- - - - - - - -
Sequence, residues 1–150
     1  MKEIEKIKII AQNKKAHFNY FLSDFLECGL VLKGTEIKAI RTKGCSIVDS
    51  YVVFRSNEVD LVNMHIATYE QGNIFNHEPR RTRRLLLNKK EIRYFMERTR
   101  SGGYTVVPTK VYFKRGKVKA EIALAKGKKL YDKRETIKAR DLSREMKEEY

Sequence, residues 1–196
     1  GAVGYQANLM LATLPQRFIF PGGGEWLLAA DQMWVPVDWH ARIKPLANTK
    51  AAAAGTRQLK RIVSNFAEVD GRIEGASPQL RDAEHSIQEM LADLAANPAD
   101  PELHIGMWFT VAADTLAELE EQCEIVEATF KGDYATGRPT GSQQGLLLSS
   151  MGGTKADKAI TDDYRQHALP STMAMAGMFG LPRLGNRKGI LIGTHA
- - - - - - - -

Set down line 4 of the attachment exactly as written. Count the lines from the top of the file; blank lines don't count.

   101  SGGYTVVPTK VYFKRGKVKA EIALAKGKKL YDKRETIKAR DLSREMKEEY